With the Thanksgiving holiday fast approaching, I’m seeing a lot of “feel good” posts around the internet. The one I found most interesting was (no surprise, if you know me) based on the psychology and neuroscience of thankfulness and gratitude.
The gist: ditch your attachment to emotionally authenticity.
In a nutshell, neuroscience tells us to fake it ‘till you make it. Studies show that acting happy (e.g., smiling) even when we don’t feel happy stimulates brain activity associated with positive emotions. Exercise that brain activity on a regular basis and it becomes strong. This is similar to the process of “reframing” – the effortful but effective means to actually change the neural connections in the brain, and thereby change how you feel about something (really). Focusing on your mental effort on things that are good, or on actions consistent with a happiness, can actually lead to you experience the joy of an abundant life.
Another way to focus on the positive is to keep a gratitude journal. Even though it is not always easy to identify things for which we are grateful on a daily basis, people who keep short daily or weekly lists of things they are grateful for actually experience higher levels of happiness and life satisfaction than those who don’t. Studies have demonstrated this again and again.
Catch yourself grumbling about work, traffic, and other mundane irritations? Make the effort to cease and desist. Make the further effort to replace small complaints and scowls with happier thoughts and more pleasant facial expressions.
Choose to be positive, even if you don’t feel that way, and eventually (not by magic, but by the power of neuroplasticity) you will.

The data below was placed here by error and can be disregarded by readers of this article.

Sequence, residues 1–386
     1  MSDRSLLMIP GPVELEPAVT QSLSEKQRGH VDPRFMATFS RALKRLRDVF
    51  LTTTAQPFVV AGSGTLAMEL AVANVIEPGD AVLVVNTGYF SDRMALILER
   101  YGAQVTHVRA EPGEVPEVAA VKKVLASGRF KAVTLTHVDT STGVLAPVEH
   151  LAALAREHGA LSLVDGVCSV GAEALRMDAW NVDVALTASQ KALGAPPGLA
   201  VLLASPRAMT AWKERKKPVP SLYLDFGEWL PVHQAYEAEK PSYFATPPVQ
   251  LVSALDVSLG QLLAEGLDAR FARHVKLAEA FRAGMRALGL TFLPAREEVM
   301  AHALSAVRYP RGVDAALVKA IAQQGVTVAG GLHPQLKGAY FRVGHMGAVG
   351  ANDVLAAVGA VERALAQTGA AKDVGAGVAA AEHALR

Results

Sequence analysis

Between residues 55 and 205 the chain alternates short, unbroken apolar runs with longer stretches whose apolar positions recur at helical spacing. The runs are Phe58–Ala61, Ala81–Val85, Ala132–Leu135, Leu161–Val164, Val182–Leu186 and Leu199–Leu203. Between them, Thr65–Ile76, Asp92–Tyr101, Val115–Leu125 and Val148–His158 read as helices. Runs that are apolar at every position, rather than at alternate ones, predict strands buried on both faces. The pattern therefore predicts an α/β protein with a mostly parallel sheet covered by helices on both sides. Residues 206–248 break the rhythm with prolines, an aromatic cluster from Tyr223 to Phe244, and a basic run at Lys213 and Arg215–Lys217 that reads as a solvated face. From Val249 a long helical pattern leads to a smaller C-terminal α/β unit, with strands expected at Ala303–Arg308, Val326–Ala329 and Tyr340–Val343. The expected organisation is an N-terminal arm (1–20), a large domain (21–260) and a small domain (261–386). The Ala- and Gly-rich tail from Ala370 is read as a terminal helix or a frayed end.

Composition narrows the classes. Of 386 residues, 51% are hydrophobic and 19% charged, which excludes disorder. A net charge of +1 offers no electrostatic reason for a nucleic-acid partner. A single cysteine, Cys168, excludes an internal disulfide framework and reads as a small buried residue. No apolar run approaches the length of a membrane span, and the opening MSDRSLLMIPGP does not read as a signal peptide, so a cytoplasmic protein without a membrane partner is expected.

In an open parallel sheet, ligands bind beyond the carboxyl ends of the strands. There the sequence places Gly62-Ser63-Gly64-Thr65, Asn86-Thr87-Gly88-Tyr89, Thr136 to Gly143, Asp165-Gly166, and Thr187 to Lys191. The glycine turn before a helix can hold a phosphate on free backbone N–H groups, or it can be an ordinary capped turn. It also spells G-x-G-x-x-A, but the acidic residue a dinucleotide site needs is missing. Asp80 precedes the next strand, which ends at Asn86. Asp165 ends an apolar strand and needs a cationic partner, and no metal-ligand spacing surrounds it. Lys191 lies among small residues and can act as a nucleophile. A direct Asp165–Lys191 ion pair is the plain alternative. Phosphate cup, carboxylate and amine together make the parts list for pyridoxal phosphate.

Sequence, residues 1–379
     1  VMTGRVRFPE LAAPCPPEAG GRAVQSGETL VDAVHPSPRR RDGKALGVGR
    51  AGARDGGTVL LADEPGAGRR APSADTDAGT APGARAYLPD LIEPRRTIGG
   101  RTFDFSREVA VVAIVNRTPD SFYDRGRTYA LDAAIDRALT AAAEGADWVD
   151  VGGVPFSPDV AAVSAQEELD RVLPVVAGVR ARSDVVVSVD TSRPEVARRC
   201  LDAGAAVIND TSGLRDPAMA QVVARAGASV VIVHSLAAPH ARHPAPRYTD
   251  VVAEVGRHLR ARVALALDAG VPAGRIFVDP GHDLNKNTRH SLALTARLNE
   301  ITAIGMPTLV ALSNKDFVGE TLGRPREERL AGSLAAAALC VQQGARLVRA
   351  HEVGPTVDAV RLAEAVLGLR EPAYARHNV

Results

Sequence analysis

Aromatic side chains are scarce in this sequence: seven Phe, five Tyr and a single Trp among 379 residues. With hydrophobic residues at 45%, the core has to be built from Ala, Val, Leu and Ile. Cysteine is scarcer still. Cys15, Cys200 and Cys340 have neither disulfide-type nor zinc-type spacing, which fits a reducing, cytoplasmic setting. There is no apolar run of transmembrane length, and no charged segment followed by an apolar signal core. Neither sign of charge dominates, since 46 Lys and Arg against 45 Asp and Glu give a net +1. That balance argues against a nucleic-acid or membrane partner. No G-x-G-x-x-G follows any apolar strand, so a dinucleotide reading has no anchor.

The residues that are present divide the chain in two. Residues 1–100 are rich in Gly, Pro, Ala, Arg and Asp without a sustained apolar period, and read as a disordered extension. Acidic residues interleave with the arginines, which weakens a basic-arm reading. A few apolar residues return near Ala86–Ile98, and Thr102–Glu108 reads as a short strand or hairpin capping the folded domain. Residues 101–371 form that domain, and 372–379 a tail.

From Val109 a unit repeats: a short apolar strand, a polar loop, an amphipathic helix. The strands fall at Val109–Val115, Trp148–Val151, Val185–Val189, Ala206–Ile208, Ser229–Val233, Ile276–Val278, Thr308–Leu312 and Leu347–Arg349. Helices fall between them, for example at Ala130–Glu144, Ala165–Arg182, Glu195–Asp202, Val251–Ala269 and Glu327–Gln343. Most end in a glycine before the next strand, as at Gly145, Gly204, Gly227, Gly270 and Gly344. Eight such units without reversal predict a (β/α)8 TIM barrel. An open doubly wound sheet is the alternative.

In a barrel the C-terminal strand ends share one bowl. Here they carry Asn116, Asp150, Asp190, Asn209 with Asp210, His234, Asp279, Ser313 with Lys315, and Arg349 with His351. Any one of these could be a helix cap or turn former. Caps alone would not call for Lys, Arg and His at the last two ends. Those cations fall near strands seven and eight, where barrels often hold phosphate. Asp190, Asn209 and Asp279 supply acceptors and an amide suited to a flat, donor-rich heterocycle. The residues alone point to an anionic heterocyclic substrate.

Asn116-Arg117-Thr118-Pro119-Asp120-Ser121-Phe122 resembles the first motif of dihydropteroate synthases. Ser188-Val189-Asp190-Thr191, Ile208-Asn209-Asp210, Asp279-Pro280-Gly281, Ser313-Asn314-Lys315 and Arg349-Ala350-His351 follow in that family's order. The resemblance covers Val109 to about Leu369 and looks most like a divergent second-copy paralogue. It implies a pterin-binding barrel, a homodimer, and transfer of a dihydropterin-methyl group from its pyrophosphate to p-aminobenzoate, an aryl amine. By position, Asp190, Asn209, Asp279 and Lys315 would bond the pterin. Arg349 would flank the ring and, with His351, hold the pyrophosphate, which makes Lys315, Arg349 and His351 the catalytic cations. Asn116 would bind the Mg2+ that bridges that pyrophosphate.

In this NY Times piece, the author recommends a few other specific strategies:
- Practice interior gratitude (giving thanks privately). The author’s example is to adopt a mantra of gratitude that people come to listen to his speeches, even if the audience is unfriendly. In my own life, I try to do this when I receive criticism about a presentation or publication. Obviously, I can focus on the compliments instead, but I also try to view anything unconstructive or mean-spirited as helpful advice from which I can improve. I make a deliberate and consciousness effort to genuinely ask myself “What can I learn from this?” instead of the easier default – to be offended, hurt, or angry. And, perhaps more importantly, I make the effort to answer that question with even the smallest step in a positive direction.
- Practice exterior gratitude (public expressions of thanks). Create a daily routine of sending just one or two emails, letters, or – gasp! – phone calls to thank colleagues or loved ones for something, no matter how small. I admit, this is an area in which I could use some work. Even though I often appreciate the efforts of others, I could do more to make a habit of expressing it.
- Be grateful for insignificant things. Don’t wait for huge milestones, awesome achievements, or fantastic luck. Do the old “stop and smell the roses” routine – notice the world around you, and be thankful. Over the course of a lifetime, the little things very often are the big things, disguised.
So, go forth and free yourself from the chains of “emotional authenticity” and instead focus on creating gratitude against your strongest negative impulses. Find the silver lining, and embrace it. Validate it. Amplify it. In doing so, you’ll soon find that your authentic self does indeed have much to be grateful for.